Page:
Both Judith Howarth, who plays Mary Stuart, and Brenda Harris, who plays Elizabeth, are perfectly capable of looking really tormented onstage while producing absolutely exquisite singing. Opera has always been about spectacle, but Donizatti relocates it away from such typically explosive stage moments as sword fights or hauntings or romantic embraces and replaces it with the spectacle of women suffering. There's a certain perversity that Donizatti apparently finds this to be exquisite, and its what saves the second act from merely being a religious ritual. Its not so much about Mary Stuart finding absolution in the eyes of God; it's about how beautifully agonized she is in her final moments.

Black Hat Collective members draw the opera
MinnPost photo by Max Sparber
Black Hat Collective members draw the opera

I should state for the record that I saw the final dress rehearsal, although I don't expect much will change between last night and this. And I went because the Minnesota Opera had invited the Black Hat Collective, a local group of comic book artists. They surrounded me in the dark of the theater, vellum paper before them, lit with little personalized lights, and drew continuously through the performance. I will be curious to see some of the illustrations that the evening produced. It seems to me that comic art is uniquely suited to representing opera, which, if simply reproduced as an accurate illustration, is likely to look like a bunch of people in old costumes standing around on a stage. But comic art is an expressive form given to abstracting the literal world in favor of representing action and emotion. You may not be able to hear the music, but a good cartoon of the show should give you a sense of its delirious agony.

Kaiser Putsy at the St. Paul Grill
MinnPost/Max Sparber
Kaiser Putsy at the St. Paul Grill

The Ordway wasn't the only place in St. Paul that got a bit overwrought last night. After the show, we went across the street to the St. Paul Grill for a cocktail, and it was positively balmy in there thanks to the St. Paul Winter Carnival. Every few minutes, another man in an absurd costume would come in — there was a fellow dressed in a picador's uniform, and another who had a gold luchador's mask that he would occasionally don, and an ongoing collection of men dressed a bit like Captain Merrill Stubing. A man dressed like Otto Von Bismarck with a  mustache-and-sideburn combination, who introduced himself as Kaiser Putsy, would occasionally break out into drinking songs. Later, a genial fellow with a Stanley Cup ring graciously allowed me and my companions to try it on and take photographs, and later still Brenda Harris, who played Elizabeth, came in looking badly in need of a drink, and who can blame her?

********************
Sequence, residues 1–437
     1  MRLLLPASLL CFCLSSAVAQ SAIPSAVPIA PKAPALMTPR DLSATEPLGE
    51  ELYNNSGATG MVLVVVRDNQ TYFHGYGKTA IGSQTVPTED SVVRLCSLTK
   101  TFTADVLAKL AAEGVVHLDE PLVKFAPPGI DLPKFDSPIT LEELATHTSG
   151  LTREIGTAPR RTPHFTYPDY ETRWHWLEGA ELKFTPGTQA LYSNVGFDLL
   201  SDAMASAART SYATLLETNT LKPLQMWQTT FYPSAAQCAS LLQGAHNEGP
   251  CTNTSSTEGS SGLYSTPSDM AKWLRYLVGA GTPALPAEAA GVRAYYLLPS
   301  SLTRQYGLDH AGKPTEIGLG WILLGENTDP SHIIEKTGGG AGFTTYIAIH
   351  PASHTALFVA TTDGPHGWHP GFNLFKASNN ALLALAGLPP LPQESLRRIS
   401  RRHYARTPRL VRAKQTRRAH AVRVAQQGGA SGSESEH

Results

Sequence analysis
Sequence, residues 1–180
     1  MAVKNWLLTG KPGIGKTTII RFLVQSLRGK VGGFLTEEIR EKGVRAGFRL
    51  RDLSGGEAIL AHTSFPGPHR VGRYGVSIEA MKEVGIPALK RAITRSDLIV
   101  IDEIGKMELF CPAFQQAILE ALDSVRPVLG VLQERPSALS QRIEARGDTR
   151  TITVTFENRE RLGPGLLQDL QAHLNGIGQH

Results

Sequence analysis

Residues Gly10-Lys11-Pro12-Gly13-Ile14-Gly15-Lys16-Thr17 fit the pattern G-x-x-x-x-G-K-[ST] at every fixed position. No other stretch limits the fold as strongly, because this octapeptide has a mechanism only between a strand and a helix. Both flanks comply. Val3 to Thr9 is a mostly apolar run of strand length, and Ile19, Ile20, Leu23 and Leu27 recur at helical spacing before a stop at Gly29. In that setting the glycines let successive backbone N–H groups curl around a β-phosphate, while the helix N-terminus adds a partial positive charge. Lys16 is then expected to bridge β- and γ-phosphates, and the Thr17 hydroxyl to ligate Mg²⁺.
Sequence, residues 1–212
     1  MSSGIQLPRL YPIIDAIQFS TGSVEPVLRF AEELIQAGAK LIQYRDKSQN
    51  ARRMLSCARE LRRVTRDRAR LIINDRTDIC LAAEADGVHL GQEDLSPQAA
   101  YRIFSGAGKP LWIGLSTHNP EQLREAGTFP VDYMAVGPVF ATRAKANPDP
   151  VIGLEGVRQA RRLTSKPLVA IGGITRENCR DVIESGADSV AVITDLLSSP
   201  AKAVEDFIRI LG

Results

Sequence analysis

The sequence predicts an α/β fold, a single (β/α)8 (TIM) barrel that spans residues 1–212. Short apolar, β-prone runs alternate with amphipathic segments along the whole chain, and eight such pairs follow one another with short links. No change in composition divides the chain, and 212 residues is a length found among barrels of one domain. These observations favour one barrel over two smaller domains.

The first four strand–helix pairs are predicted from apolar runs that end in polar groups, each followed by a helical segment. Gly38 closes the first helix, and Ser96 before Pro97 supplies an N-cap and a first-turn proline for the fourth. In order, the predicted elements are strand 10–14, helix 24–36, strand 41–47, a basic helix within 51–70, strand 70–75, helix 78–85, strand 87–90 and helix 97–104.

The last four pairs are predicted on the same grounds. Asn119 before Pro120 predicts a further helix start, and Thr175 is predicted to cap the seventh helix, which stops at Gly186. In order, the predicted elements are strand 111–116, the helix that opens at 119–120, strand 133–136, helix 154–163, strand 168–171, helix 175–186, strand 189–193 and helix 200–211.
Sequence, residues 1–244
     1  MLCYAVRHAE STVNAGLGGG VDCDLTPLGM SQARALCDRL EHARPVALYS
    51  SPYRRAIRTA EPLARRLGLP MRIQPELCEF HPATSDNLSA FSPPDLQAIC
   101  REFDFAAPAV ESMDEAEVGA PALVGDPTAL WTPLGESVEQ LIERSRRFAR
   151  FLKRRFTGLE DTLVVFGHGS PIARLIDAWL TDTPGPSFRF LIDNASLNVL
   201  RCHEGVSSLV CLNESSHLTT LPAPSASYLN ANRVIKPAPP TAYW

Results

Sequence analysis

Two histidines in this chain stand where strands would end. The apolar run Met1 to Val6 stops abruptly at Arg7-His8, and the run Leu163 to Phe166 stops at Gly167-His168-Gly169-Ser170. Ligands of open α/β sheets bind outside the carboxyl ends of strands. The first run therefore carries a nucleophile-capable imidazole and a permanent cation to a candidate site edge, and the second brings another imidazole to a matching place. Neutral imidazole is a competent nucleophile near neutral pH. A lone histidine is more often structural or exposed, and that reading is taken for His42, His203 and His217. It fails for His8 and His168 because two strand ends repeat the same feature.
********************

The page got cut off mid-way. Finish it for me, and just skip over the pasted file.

Max models a Stanley Cup ring
MinnPost photo by Max Sparber
Max models a Stanley Cup ring

What did I drink? A Moscow Mule, which is the first and one of the best vodka cocktails, made with ginger beer and lime. The St. Paul Grill makes it strong — the ginger and lime flavors are quite potent — and serves it in a copper glass, as was done in the original Cock 'n' Bull Tavern, where the drink was invented. As a result, it stays cool almost forever. It was the only thing last night that could make that claim.

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Comments (3)

I believe you've mis-identified the first picture: The female looks an awful lot like Brenda Harris.

She does, but I was at the tech rehearsal, and Mary (Judith) had on a black dress with a cross necklace and a wig like this. Elizabeth's dress was more colorful (she wasn't the prisoner . . . ).

I wonder if the invitation to the Black Hat Cooperative was a suggestion of incoming President Allan Naplan. He did some innovative things at Madison Opera like having local bloggers blog before/during a performance.

Mr. Naplan is indeed innovative, as is Minnesota Opera. The pairing promises to be quite fruitful. Black Hat Cooperative approached Minnesota Opera's Tempo program (incidentally, part of MinnPost's YPN) with the idea that led to the invitation to the final dress rehearsal for "Mary Stuart." The illustrations will be available on Tempo's blog -- http://mnopera-tempo.blogspot.com/ -- later this week.